Subscribe to our newsletter!
We don't spam. You will only receive relevant and important tips for you and your business.
The most important lesson I’ve learned in digital marketing is that sometimes it’s a matter of testing. No matter how much data you have, some things work for some businesses and not for others. This is frustrating, as sometimes the results aren’t what you expected and you have to change strategies. But sometimes, you test new methods and discover new ways to do things.
One such example is boosting a Facebook post versus running an ad campaign. One of our clients preferred to boost posts that they believed would perform well. We decided to test how an ad campaign would compare.
When you create a post on Facebook, you have the option to “boost” it. This means that you can pay money to show the post to an audience of your choosing. Basically, it's a simplified way to create a Facebook ad.
A boosted post looks like an ad in the Facebook or Instagram feed. When you boost the post, you’ll define who you want to reach, your max budget, and how long you want to boost the post for. You can also set these parameters when setting up an ad.
As you can see in the boosted posts below, they reached a combined 3,473 users and spent $90.00. But, the only other metrics we can track are link clicks, photo clicks, page likes, comments, and shares.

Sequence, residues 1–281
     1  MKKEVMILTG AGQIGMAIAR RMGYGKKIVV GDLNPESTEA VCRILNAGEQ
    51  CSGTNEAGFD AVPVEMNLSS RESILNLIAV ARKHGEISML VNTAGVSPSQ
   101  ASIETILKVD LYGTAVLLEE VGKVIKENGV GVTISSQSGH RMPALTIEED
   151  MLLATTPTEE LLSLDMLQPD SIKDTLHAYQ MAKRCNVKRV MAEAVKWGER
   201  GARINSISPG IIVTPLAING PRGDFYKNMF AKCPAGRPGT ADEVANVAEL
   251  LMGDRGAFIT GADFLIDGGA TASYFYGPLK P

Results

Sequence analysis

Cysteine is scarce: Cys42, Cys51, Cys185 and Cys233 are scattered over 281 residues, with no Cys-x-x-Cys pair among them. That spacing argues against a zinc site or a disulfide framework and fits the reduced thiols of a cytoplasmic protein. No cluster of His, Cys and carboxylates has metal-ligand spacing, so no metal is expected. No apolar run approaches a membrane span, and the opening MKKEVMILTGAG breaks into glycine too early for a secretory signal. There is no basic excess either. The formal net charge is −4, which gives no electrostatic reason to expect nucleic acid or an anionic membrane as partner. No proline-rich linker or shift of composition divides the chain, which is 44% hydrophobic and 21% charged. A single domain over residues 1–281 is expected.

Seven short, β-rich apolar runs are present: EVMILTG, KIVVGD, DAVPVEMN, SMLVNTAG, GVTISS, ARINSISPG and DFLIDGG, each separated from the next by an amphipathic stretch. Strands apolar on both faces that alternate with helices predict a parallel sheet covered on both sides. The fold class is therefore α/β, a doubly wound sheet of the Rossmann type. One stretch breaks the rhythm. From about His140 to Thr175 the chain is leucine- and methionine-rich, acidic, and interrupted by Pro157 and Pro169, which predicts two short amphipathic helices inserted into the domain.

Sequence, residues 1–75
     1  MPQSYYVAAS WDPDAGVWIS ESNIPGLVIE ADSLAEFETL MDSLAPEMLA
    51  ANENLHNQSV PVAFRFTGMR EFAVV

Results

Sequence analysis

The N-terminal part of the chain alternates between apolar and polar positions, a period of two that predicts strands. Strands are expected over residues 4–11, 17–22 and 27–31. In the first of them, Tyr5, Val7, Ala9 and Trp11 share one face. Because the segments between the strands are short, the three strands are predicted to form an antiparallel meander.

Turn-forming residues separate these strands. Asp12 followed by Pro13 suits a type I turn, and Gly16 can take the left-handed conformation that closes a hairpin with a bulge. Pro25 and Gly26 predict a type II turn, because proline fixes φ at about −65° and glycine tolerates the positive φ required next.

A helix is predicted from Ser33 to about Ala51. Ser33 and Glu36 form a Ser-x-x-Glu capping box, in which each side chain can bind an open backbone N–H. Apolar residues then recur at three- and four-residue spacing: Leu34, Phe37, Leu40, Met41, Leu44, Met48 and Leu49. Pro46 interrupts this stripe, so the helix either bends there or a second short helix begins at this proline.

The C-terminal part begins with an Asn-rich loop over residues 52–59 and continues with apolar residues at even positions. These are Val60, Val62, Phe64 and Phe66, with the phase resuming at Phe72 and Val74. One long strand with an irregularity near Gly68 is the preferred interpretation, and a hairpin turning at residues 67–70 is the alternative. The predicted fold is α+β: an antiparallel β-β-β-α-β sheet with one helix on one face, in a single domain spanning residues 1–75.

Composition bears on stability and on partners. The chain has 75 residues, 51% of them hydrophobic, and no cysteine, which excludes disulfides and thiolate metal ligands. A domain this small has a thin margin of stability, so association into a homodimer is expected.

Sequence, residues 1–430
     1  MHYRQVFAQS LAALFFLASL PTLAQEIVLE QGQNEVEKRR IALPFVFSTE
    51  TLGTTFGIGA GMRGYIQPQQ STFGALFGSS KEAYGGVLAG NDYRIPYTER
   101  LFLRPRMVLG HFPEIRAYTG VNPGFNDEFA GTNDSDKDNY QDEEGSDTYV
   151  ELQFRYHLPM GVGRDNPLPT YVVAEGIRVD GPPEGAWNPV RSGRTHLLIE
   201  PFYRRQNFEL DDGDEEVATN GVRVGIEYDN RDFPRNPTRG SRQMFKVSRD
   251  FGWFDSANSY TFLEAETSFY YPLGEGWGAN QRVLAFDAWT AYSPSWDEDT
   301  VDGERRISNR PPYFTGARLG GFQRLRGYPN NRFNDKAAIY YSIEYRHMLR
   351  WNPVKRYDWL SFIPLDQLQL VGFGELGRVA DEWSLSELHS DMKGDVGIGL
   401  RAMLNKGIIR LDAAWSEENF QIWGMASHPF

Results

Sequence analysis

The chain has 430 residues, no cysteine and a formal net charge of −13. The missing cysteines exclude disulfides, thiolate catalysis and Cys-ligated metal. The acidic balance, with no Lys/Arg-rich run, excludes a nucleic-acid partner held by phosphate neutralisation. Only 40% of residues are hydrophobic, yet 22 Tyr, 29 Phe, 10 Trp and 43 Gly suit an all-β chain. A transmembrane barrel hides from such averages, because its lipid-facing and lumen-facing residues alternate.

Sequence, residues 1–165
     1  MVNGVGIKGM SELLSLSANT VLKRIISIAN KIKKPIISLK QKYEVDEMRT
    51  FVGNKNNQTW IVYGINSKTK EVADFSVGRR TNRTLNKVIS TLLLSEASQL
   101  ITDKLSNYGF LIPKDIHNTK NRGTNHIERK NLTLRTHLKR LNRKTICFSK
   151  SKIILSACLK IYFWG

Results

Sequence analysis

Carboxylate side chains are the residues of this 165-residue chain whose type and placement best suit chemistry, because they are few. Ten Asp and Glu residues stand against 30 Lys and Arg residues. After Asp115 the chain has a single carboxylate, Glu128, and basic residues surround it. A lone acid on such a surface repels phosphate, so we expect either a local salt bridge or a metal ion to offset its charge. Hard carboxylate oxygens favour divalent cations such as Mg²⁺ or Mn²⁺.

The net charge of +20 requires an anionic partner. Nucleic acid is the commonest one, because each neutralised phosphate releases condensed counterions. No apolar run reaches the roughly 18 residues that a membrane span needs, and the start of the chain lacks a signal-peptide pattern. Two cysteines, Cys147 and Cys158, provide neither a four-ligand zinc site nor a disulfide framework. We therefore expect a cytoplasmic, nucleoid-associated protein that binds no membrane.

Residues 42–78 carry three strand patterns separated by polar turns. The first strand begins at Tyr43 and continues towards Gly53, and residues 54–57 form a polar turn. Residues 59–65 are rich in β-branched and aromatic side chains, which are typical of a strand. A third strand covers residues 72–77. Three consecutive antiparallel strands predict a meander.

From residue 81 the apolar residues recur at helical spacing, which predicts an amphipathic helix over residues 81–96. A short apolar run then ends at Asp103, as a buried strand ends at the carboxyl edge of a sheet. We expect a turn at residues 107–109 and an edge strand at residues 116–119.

While a boosted post is essentially an ad, ads created in Ads Manager and have more targeting and customization options. Ads Manager has many advertising objectives to help you reach your specific audience.
While a boosted post can only optimize for likes, comments, and shares; an ad can optimize for app installs, website conversions, video views, ecommerce orders, and more.
When you boost a post, you can only choose whether you want to place the ad on Instagram in addition to Facebook. In ads, you can choose placements in News Feed side ads, Messenger ads, Instagram stories, and Audience Network.
Both boosted posts and ads allow you to choose an objective, which will help you determine which campaign type aligns with your goals. Boosted posts only allow you to choose between website clicks, Page engagement and local business promotions. The full ads system lets you choose objectives like store traffic, conversions, and lead generation.
Boosted posts let you target interests, age and gender. This helps you reach people who most likely care about your business. Ads Manager has advanced tools to create overlapping audiences, lookalike audiences and more.
Since we ran an ad instead of boosting the post, we were able to add a call-to-action (CTA) & track conversions. This campaign resulted in 72 website visits, 4,144 impressions and reached 3,609 people in 8 days, for a total cost of $40.
As you can see, the ad reached a much larger audience than the boosted posts for half of the cost. But, we can’t track conversions from the boosted post, so we don't know whether the ad resulted in more site visits. For this client, website visits are more valuable as they are more likely to lead to a form submission.
It's important for any business to identify exactly what they're hoping to achieve with an ad. If you want to develop brand awareness, boosting a post will maximize visibility. To create more advanced ad types and campaigns, use Ads Manager.
Need help advertising on Facebook?